We had a few hard disk drives in the lab from acquired systems and previous reviews. The review community has largely ignored spinning disks, but we wanted to test a few to gauge performance. Many of these drives came from notebooks. HDDs still dominate OEM systems, especially lower cost notebooks.
SSD marketing tells us that hard disk drives are spinning rust, power hungry, slow, and inefficient. Some of that is true, but not all of it. Windows does a good job with cache algorithms to increase hard disk drive performance, but these products are still more latent compared to SSDs. The battery life results, however, will be closer than you may naturally have assumed.
Notebook Battery Life
Hard disk drive technology is in the middle of an evolution, much like SSDs. Some use a flash translation layer and advanced write methods with the tracks overlapping. The more complex the drive the more power it can consume. The Seagate Laptop HDD 2TB is one of the newest we have. It uses shingle magnetic recording (SMR) to achieve its colossal capacity without increasing the physical size.
To hear SSD manufacturers tell the story, hard disk drives drain battery life much faster than flash-based products. Our results show the Seagate Momentus Thin 500GB, a popular drive used in OEM systems, delivering better battery life than 13 SATA SSDs and 24 NVMe SSDs.
SSHDs, the combination of disk and flash technology, is often said to deliver battery life superior to that of pure spinning disk technology. That wasn’t what we found in our limited sample size. The SSHD from Seagate delivered roughly the same battery life as a similar hard disk drive without the flash package used as a large cache.
Power Restricted Performance
We wanted to bring in the hard disk drives for their performance rating results. The numbers show just how severe notebooks cripple storage performance. Some of the SSDs are as fast, or in this case as slow, as HDDs. Windows cache technology has improved considerably since many of us walked away from spinning disks. In a desktop or on AC power, the results are quite a bit different and flash wins every time. On DC power in a notebook, the results are much closer than expected.
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Thanks for this article. It's a question of great interest to all mobile warriors, and my assumption that NVMe would be best isn't correct overall.Reply
Thanks for the review. We should see more reviews comparing SSD and HDD battery life, but reviewers just ASSUME SSDs will be better at it.Reply
Implementation details matter, and you can only see that by testing it.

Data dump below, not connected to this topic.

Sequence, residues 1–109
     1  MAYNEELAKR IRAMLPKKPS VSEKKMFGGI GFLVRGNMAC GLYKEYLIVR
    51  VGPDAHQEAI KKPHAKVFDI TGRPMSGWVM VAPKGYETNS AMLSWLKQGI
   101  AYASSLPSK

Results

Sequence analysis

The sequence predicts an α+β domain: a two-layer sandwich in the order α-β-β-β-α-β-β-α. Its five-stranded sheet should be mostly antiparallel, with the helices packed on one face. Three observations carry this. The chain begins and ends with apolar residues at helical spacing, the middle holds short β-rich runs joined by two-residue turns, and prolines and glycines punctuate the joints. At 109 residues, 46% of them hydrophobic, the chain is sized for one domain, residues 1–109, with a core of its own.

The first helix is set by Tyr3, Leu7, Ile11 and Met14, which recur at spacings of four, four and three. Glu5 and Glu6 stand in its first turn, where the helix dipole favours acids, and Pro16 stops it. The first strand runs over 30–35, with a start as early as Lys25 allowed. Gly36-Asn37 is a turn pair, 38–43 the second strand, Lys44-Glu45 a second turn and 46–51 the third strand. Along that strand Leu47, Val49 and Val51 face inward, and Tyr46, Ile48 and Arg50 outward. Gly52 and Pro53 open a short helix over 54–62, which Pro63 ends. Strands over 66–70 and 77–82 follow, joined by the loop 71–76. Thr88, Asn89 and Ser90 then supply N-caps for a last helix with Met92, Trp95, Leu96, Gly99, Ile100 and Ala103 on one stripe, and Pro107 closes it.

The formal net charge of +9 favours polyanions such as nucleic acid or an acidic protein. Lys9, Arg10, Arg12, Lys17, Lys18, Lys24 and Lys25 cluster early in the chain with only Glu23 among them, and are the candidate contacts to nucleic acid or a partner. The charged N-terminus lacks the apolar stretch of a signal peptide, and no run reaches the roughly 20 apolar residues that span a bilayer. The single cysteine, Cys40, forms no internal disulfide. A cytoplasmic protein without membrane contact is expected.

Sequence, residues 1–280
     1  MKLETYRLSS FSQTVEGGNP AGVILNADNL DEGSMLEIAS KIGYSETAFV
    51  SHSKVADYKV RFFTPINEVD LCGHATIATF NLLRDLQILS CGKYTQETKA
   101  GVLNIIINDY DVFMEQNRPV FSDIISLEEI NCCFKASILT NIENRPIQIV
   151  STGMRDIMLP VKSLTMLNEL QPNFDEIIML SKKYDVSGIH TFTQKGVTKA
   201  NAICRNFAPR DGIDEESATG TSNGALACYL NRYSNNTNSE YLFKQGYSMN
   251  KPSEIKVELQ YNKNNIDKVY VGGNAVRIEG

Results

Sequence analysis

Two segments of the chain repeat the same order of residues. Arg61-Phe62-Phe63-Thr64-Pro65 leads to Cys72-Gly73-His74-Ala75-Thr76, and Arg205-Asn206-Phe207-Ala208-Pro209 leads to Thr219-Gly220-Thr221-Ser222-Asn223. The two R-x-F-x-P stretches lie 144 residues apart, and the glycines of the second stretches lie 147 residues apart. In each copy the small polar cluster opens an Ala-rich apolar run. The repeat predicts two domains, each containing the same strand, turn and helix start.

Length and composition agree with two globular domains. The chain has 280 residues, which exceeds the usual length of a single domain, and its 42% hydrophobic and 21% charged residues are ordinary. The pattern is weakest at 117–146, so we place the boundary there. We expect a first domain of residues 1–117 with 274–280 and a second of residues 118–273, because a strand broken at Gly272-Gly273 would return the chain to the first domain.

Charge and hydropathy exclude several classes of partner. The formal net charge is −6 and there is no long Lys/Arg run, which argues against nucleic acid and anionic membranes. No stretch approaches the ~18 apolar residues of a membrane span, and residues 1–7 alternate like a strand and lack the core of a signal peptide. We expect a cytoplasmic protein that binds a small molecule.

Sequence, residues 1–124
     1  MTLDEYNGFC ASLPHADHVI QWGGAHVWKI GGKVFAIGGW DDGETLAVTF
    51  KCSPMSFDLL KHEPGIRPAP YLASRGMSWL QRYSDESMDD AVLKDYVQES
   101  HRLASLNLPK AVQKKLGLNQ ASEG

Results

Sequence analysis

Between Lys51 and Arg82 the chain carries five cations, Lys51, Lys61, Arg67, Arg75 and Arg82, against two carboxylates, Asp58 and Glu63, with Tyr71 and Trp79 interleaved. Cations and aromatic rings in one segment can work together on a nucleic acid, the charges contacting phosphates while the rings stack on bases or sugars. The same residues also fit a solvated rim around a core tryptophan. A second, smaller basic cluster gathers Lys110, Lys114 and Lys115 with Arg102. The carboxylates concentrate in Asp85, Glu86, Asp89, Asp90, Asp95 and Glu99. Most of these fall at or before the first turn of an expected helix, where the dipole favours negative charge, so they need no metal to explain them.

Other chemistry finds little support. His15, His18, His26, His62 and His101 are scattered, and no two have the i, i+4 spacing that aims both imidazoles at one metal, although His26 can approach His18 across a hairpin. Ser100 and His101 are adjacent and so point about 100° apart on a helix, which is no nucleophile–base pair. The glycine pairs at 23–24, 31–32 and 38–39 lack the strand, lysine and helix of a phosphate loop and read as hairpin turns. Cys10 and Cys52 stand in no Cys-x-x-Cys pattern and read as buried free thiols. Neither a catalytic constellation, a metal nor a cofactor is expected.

Though I'm not a fan of using the Y700 for the test. The HQ chips do not have anywhere near the power management capability of the U chips. To be clear, its just about U series having lower TDP, but much lower idle as a platform.
I'm not sure whether such tests can be done reliably on a U platform as there may be drive specific optimizations done, and make the numbers irrelevant for actual products. But if its possible, U platforms would show greater differences in battery life between drives.
Now i call this F A B Review! thanks for your time :)Reply
You have to remember that we still have to meet deadlines (NDAs) with the reviews. I would need even more systems if testing on a U series processor or other system that gives users 10+ hours of battery life. It's still difficult to find systems that can use both M.2 NVMe and 2.5" SATA. At the end of the year I'll see what's available and most likely move away from a gaming platform. I expect these systems to stay in use until early 2019.Reply
I've been approached by a lot of folks regarding whether or not the addition of an SSD storage can and will improve battery life or the opposite. This article does bring some things into light! Thanks!Reply
I must also point out though that there are some among the community who are working with both a mechanical HDD and an SSD both in the 2.5" form factor so it'd be a nice write up to see if both drives running in the same laptop/mobile computing device takes a bigger hit in battery backup/performance.
To clear up, folks use an SSD caddy that does into a 9.5mm/12.7mm ODD slot on a laptop to re-purpose the SATA port for use with either an HDD or an SSD.
Or maybe, like my MSI laptop, shipped with an NVMe SDD and 2.5" HDD.Reply
I switched the HDD with the pretty-good scoring MX300 (thanks for confirming my good choice).
I also tried to replace the Toshiba NVMe with a M.2 SATA SM951 as the Toshiba would make a noticeable hotspot on the case. But it seems there are some mechanical issue with m.2 sata as flexing the case nearby would freeze the drive and touchpad until reboot.